It has been nearly a year since the IRS generated shockwaves in the retirement plan community by announcing its intention to end its regular, periodic determination letter program for qualified retirement plans due to budget constraints. (See our previous posts on the end of the regular determination letter process here and here.) The Advisory Committee on Tax Exempt and Government Entities’ 2016 Report of Recommendations (“Advisory Committee Report”), released on June 8, 2016, shows that the uncertainties caused by the IRS’s announcement have largely been left unresolved.
Under the determination letter process, employers can periodically apply for an IRS determination letter, which they can then rely on to show that their plan documents are in compliance with all requirements of the Internal Revenue Code, regulations and guidance. The importance of this letter goes far beyond the employer’s reliance. Other parties conducting business with employers or their affiliates (such as in mergers & acquisitions or financings) or with the plan itself typically view the determination letter as a critical part of their due diligence in assessing potential risks.
The IRS is not eliminating the determination letter program entirely. The IRS intends to continue to issue determination letters on new plans or terminating plans and, possibly, in other situations. Further, the IRS has announced that expiration dates will no longer apply to determination letters. However, it has not yet provided any guidance on the extent to which employers will be able to rely on a determination letter after the regular program has ended.
Not surprisingly, the Advisory Committee Report’s primary recommendation is that the IRS reconsider its decision to end its regular determination letter program. If the IRS does not have the funds to administer the program, Treasury can seek an increase in user fees dedicated to the program from Congress.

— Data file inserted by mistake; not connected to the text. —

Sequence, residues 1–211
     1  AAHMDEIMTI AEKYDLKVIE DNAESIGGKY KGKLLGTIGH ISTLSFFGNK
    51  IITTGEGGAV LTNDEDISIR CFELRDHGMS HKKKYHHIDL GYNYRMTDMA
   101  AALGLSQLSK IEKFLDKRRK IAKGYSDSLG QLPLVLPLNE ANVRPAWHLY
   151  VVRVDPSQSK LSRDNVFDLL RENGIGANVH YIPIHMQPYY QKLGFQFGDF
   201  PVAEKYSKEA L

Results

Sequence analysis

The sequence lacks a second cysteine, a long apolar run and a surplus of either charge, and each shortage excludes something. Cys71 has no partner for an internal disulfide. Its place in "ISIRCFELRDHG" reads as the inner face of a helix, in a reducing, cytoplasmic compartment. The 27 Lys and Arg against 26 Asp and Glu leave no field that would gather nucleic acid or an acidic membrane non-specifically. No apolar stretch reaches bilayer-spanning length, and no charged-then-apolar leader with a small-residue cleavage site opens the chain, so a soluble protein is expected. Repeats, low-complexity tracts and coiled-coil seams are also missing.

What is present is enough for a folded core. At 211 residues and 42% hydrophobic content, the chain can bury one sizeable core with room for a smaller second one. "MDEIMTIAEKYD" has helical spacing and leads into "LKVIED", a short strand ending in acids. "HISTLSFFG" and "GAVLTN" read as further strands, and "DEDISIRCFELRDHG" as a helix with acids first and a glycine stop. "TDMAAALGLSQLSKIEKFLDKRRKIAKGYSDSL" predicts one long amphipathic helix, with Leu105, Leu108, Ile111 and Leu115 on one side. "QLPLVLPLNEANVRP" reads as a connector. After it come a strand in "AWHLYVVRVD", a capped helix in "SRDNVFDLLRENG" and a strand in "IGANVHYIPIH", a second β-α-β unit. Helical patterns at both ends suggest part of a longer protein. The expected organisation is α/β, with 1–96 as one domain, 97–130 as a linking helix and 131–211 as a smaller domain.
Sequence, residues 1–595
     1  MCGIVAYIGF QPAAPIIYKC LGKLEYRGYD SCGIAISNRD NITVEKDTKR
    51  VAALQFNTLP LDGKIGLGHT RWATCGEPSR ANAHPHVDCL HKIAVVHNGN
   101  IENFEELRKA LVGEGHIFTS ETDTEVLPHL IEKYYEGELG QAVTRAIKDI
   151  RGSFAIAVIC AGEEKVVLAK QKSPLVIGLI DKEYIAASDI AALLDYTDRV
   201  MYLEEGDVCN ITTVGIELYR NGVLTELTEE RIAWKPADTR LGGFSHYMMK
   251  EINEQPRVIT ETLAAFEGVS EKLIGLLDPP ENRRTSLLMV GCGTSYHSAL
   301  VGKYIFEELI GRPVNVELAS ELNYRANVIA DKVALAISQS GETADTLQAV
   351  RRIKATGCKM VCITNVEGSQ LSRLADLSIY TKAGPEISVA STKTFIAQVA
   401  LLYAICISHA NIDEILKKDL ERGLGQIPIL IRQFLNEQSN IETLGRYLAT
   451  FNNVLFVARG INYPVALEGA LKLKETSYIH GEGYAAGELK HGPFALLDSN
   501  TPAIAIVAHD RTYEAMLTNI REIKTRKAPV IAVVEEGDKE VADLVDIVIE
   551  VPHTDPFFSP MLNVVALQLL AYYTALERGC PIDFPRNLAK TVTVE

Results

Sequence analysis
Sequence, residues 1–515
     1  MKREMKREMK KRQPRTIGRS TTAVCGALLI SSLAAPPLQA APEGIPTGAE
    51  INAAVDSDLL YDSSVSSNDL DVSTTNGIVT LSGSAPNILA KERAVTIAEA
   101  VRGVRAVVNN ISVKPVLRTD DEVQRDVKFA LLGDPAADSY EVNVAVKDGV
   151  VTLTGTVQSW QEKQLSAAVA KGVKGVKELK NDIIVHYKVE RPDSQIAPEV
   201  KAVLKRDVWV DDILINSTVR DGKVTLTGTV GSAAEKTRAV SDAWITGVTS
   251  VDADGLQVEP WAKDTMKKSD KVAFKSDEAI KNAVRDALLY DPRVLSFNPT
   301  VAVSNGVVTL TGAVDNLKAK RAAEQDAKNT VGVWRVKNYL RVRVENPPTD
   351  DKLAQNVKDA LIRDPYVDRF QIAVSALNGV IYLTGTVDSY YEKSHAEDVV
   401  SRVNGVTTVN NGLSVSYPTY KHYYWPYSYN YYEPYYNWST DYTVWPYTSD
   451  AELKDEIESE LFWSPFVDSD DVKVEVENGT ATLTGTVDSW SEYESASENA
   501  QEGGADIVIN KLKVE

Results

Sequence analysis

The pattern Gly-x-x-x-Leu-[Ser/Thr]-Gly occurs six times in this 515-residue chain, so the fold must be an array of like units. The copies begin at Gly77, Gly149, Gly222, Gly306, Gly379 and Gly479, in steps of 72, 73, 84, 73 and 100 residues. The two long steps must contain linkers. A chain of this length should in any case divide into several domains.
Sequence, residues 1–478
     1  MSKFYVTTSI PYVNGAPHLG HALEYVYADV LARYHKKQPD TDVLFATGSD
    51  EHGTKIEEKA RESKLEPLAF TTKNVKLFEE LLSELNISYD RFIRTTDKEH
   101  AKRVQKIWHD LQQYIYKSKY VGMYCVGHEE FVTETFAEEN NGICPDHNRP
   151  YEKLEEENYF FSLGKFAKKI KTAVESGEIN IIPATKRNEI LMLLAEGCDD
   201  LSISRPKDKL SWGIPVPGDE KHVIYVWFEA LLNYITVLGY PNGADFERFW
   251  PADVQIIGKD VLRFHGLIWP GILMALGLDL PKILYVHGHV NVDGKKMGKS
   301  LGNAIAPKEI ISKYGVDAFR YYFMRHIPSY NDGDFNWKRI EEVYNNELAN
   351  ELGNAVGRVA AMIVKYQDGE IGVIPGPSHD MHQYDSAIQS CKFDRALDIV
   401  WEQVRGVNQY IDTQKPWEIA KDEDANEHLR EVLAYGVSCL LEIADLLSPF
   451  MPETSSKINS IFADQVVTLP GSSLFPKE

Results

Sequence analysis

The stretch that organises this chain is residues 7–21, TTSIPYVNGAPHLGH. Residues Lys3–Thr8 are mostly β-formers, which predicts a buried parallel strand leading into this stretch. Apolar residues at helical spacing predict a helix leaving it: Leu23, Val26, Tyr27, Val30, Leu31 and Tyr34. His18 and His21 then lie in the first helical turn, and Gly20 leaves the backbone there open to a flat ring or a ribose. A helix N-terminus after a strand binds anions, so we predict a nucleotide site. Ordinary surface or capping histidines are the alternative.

Alternatively, the Advisory Committee Report recommends that the IRS scale back the regular determination letter program rather than eliminating it. This could include extending the filing cycle so that employers file every 7 – 10 years rather than the current five-year cycle, re-opening the program cycles for significant law changes, or allowing for filings for special circumstances, such as new plan designs or mergers and acquisitions. These proposals are intended to reduce the IRS’s backlog of filings while securing the availability of a determination letter in at least those situations where there would be the most uncertainty over the tax compliance of the plan due to changes in law or plan terms.
The Advisory Committee Report also offers a number of other alternatives that are intended to soften the blow if the regular determination letter process is ended. These include:
– Publishing more model amendments and allowing plans to incorporate more tax provisions by reference.
– Adding more flexibility to the pre-approved plan program.
– Allowing employers to self-correct plan document failures.
– Offering leniency for “immaterial” plan documents failures discovered on audit.
At this point, no one has any idea what the future holds for determination letters or how the retirement plan community would adapt if they are no longer available. The Advisory Committee Report raises a number of important issues, but we are still awaiting guidance on many critical issues nearly a year after the IRS’s initial announcement that it will end the regular, periodic determination letter program.